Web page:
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Column: Funds purge soybeans at faster clip than when trade war began

FORT COLLINS, Colo. (Reuters) - Chicago-traded soybeans have been priced below $9 per bushel for nearly two weeks now. But speculators still felt they were overvalued last week as they sold the oilseed more than they did during June 2018 when the U.S.-China trade war was just beginning.

FILE PHOTO: Soybeans are loaded onto a truck at a field in the city of Chacabuco April 24, 2013. REUTERS/Enrique Marcarian/File Photo

In the week ended Dec. 3, hedge funds and other money managers extended their net short in CBOT soybean futures and options to 99,019 contracts from 42,941 a week earlier, according to data published Friday by the U.S. Commodity Futures Trading Commission.

That places their two-week net selling total through Dec. 3 at 117,471 futures and options contracts, easily beating the previous two-week record of 94,228 contracts set in the period ended June 12, 2018.

Through Dec. 3, funds also set three-, four-, and five-week selling records in soybeans, with the latter two also topping highs notched in the lead-up to the U.S.-China trade war. The previous three-week record was set in the period ended Dec. 26, 2017.

The two-week total of 117,471 contracts was the most impressive relative to the previous high, which was bested by 25%, so it is interesting to compare the associated price moves within each period.

In the two weeks to Dec. 3, most-active futures fell 40.5 cents per bushel or 4.4%, and the contract finished on Dec. 3 at $8.71 per bushel. The comparative decline through June 12, 2018 was 69 cents or 6.7%. Most-active futures ended at $9.54 that day, and funds still held a slight net long of 12,870 contracts, which was quickly erased just days later.

The trade war between the United States and its top soybean buyer China has dragged on for nearly 18 months, which continues to nag at investors. There have been several instances in which it seemed the two sides were close to an agreement, but resolution has fallen through each time.

The U.S.-China mood warmed once again at the end of last week, as Beijing confirmed that it will waive import tariffs for some U.S. soybean and pork shipments. Most-active futures rose 2.1% between Wednesday and Friday, the contract’s largest three-day percentage gain since Oct. 2.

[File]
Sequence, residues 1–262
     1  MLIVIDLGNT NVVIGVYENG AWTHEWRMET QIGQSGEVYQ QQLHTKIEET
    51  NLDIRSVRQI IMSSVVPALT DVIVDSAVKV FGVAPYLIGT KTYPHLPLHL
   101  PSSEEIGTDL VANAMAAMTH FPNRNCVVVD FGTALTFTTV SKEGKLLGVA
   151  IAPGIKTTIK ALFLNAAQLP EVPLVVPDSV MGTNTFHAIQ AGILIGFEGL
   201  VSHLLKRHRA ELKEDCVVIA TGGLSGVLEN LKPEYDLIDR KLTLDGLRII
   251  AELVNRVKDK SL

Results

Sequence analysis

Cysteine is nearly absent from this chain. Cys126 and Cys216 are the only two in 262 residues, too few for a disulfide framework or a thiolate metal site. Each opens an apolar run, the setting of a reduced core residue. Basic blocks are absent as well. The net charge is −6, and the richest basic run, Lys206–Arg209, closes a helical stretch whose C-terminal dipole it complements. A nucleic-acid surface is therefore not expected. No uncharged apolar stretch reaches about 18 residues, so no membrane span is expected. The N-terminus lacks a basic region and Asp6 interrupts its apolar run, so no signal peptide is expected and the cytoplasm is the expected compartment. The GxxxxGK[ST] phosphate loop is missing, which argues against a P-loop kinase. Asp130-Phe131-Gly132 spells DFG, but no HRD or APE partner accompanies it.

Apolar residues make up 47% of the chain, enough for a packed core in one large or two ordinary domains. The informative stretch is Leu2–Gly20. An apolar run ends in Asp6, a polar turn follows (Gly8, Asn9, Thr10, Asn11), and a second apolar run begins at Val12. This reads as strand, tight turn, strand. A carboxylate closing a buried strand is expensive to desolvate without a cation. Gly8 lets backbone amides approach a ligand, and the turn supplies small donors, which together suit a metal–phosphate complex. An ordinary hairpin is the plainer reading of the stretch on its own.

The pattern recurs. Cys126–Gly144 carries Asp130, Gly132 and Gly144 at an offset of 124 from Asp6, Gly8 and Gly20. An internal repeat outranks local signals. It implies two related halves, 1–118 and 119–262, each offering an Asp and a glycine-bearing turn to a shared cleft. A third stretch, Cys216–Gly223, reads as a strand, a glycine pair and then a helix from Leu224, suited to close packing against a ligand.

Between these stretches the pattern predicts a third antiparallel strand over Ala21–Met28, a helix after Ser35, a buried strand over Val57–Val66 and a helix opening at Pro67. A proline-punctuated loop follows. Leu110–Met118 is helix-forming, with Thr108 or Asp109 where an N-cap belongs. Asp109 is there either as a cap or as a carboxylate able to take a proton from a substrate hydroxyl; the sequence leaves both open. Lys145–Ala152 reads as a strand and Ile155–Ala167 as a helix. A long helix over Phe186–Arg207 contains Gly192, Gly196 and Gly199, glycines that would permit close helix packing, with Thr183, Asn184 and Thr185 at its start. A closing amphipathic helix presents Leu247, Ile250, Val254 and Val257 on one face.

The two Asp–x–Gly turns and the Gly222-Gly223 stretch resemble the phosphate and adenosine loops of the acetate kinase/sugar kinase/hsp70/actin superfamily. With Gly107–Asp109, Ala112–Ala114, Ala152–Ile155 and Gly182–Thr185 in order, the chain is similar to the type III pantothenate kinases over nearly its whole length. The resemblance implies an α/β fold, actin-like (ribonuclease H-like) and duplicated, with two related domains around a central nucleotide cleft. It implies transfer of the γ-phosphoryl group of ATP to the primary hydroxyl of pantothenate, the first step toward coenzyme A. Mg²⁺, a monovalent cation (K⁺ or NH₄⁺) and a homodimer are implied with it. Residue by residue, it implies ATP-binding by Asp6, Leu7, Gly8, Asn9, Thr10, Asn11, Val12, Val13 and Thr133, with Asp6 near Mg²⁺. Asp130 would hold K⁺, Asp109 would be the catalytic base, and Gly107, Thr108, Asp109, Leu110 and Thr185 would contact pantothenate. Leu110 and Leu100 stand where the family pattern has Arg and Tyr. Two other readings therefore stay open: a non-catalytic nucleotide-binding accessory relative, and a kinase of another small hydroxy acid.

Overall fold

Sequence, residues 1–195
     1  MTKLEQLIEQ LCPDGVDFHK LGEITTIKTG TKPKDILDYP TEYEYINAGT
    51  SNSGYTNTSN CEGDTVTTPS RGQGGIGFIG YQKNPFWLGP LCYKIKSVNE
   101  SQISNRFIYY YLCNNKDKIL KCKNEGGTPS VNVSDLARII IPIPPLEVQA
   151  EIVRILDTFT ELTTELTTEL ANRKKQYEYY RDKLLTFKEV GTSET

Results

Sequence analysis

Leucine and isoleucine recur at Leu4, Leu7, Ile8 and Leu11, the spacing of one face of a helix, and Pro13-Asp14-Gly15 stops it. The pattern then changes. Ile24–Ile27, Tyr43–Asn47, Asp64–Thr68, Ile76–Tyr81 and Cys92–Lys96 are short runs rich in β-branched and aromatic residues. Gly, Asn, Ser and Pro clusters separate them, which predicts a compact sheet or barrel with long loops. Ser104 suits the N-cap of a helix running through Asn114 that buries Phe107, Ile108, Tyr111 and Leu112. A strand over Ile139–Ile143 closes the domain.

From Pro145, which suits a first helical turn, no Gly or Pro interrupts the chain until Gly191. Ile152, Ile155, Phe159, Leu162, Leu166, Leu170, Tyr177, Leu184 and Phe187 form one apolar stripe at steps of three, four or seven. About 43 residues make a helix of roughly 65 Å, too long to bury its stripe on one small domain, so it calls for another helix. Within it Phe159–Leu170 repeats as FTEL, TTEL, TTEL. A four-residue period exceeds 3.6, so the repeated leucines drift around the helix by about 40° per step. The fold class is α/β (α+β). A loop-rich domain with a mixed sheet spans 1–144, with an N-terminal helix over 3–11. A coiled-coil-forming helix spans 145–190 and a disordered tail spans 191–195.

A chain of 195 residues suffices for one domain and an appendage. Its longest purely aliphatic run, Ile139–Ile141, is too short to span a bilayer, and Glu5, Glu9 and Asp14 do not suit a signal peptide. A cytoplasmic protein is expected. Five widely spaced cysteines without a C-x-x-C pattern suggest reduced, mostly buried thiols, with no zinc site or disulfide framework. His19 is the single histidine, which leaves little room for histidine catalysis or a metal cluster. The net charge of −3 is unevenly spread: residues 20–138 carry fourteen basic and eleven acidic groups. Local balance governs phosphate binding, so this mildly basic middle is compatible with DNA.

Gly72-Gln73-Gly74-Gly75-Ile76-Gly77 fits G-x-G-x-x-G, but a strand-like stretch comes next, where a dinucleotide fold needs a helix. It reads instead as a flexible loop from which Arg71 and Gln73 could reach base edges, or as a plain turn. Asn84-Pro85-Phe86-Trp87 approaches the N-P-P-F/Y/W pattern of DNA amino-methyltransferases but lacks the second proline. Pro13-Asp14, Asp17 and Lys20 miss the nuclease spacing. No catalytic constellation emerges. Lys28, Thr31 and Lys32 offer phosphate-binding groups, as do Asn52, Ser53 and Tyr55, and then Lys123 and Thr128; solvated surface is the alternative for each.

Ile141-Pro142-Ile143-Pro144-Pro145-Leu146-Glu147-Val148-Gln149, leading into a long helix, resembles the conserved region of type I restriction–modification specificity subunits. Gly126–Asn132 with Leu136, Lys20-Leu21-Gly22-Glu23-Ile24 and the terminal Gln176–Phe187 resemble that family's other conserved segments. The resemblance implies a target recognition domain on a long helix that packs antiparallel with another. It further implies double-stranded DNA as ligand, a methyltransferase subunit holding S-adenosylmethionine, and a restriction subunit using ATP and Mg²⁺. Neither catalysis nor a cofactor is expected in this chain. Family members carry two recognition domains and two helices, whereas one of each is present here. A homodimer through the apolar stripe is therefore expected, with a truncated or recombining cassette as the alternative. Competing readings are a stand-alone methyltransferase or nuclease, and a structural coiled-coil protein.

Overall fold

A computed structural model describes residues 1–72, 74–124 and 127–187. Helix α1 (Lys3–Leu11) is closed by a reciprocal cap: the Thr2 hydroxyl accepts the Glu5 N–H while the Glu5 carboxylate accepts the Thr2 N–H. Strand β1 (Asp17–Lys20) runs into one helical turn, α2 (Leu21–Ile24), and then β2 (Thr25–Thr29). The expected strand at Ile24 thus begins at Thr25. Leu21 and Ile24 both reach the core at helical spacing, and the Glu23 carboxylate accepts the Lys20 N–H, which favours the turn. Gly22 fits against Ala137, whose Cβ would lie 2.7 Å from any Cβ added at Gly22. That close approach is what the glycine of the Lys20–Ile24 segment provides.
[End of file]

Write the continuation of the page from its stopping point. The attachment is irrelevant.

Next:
Trade estimates suggest that commodity funds bought around 20,500 soybean futures contracts over the last three sessions.


Speculators have not been optimistic about CBOT corn prices since mid-August, though they cut their net short through Dec. 3 to 85,137 futures and options contracts from 116,072 in the previous week.

Recent industry estimates suggest that global corn supplies are plentiful given projected demand, and most-active corn futures had spent most of the last two months at five-year highs for the time of year. The contract ended at $3.76-3/4 per bushel on Friday after skidding 1.2% over the last three sessions, and trade sources indicate funds’ corn short has likely climbed back above 100,000 contracts.

Money managers increased bullish bets in Chicago wheat futures and options through Dec. 3 to 20,567 contracts from 10,475 a week prior. Most-active futures on Nov. 29 hit their highest levels since June, and prices have declined since then. Funds were seen as light sellers of CBOT wheat between Wednesday and Friday.

Through Dec. 3, money managers trimmed their net short in Kansas City wheat futures and options to 14,252 contracts from 16,851 a week earlier, and the new stance was the least bearish since July. However, they extended their net short in Minneapolis wheat futures and options to 22,526 contracts from 20,579. The record Minneapolis short is 23,071 contracts set in mid-September.

Speculators were net sellers in soy products through Dec. 3. They cut their net long in soybean oil futures and options to 59,178 contracts from 66,884 a week prior, and they extended their net short in soybean meal to 43,910 futures and options contracts from 32,308.

Soybean oil futures surged 3.4% over the last three sessions, the most-active contract’s largest three-day jump since mid-September. That primarily owed to big gains on Friday. Soybean meal futures were also up 1.6% during the period after a significant boost on Thursday. Funds were seen as buyers of both products late last week.

The opinions expressed here are those of the author, a market analyst for Reuters.

Editing by Cynthia Osterman